Finding peer-reviewed journal articles
A peer-reviewed journal is one in which the articles have been examined, prior to publication, by experts in the article's field of study before it is published. Peer-reviewed publications (often titled journal, review or research) are produced specifically for academics, scholars and professionals, unlike popular magazines found in newsagents and supermarkets.
The differences are:
|Features a listing of an editorial board
|No editorial board listing
|Text with charts and illustrations
|Glossy with many advertisements
|Always identified and qualifications cited
|Often not identified, e.g. staff or freelance reporter
|Often original findings or theory on specific research; source references always cited
|Usually informal in nature, without specifying sources
|To enhance the field of research
|To entertain, inform, express a view, to sell a product
|Specialised, assuming prior knowledge
|Simple, assuming no prior knowledge
How do I know if a journal article is peer-reviewed?
When searching some databases and QuickSearch, you can specify that the results only include 'peer-reviewed' journals.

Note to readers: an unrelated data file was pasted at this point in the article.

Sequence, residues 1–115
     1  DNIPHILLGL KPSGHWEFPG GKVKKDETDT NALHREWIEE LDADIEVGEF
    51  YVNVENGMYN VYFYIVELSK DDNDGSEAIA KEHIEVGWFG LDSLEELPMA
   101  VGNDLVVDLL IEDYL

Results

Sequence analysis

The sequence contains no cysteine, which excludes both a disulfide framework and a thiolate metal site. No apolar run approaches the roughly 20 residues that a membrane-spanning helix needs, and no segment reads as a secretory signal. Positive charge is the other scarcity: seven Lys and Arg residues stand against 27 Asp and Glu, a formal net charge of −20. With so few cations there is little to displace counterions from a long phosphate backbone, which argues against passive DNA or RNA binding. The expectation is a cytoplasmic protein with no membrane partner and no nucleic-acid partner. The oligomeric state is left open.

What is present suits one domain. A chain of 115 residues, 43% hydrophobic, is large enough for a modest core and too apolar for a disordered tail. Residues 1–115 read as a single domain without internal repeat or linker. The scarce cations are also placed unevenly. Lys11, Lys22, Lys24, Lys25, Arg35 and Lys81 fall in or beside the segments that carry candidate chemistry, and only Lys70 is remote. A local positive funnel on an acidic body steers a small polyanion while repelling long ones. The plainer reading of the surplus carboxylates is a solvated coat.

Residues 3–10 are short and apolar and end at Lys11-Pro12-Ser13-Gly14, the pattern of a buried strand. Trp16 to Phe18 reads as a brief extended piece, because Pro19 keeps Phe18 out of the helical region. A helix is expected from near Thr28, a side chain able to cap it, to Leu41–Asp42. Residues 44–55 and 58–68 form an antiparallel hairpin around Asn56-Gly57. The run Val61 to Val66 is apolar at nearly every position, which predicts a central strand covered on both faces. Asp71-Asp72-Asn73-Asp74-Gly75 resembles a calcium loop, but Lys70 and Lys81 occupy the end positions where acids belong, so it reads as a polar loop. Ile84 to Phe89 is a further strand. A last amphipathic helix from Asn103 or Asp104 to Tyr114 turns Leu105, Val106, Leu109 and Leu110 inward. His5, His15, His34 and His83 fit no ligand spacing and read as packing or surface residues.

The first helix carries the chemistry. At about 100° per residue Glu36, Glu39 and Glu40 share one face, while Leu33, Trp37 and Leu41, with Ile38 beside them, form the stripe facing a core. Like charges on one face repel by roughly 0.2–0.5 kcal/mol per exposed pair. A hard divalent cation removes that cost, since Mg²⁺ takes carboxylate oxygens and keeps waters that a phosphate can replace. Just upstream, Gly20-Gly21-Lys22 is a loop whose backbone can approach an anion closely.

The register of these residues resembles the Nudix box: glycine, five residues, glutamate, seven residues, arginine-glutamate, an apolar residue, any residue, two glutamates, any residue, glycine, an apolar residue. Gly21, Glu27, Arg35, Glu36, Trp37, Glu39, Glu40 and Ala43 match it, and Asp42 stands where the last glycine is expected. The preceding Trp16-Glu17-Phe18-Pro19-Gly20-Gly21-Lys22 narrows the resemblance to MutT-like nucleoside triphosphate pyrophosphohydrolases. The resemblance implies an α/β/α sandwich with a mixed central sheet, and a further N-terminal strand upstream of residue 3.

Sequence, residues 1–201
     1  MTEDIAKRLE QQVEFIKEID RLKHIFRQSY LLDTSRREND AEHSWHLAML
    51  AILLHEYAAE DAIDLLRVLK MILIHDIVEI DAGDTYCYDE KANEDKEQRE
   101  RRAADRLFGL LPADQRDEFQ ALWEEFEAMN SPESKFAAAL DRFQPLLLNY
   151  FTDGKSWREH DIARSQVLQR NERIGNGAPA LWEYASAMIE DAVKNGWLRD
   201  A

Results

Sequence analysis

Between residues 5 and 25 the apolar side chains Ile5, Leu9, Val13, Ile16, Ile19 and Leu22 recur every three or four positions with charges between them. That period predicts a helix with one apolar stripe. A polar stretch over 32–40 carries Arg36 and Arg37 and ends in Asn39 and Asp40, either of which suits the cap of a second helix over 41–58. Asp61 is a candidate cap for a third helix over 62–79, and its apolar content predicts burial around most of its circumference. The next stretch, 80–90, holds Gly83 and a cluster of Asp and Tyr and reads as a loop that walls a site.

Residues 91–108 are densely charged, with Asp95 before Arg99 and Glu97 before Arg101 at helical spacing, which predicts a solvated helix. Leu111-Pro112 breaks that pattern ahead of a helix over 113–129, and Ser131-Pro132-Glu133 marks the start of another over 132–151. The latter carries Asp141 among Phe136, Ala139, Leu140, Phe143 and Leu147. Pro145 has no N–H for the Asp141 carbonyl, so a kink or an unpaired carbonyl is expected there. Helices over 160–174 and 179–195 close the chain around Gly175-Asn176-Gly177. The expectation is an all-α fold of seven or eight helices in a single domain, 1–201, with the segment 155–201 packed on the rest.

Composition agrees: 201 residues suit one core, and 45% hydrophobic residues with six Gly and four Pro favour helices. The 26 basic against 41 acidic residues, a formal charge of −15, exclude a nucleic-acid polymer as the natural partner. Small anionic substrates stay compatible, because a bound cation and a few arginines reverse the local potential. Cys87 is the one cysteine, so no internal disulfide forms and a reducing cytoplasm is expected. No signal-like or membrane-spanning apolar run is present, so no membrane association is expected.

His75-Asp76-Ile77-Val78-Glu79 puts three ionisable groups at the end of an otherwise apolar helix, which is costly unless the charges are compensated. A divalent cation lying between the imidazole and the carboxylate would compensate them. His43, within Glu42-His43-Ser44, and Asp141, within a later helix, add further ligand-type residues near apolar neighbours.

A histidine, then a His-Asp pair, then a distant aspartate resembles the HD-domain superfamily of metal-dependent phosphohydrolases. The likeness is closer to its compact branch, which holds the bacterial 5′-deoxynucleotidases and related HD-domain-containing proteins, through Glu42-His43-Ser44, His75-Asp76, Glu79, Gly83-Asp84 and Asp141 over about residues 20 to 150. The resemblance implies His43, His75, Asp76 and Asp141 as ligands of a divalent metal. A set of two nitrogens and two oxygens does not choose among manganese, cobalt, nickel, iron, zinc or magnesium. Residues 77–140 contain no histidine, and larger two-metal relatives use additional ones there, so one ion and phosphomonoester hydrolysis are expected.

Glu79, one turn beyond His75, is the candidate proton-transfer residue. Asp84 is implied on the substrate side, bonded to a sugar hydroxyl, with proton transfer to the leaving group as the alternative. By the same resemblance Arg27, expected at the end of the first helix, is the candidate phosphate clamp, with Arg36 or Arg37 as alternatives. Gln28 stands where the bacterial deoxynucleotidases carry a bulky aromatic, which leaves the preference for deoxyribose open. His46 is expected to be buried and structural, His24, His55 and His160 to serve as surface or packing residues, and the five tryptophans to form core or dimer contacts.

Scholarly or peer-reviewed articles usually contain section headings like these:
- Abstract and keywords - the abstract and keywords may be added by an editor or publisher.
- Introduction and statement of the problem - identifies the need for the work, and the research question.
- Review of the literature - the literature review should identify the major works of other researchers and identify theories and lines of thought.
- Methodology - explains the methods so others can replicate the study.
- Data collection - the data collection and analysis discuss the particular work being reported.
- Analysis - examines the data by qualitative or quantitative means, states whether the research question or hypothesis was proven or disproved.
- Conclusions and recommendations - the final section provides a theory about the results, identifies any obvious flaws in the work, and provides suggestions for follow-up research.
- References - includes a comprehensive list of references.
Use Ulrich's International Periodicals Directory to check whether a journal is peer-reviewed (you will need to log in with your Fed login and password).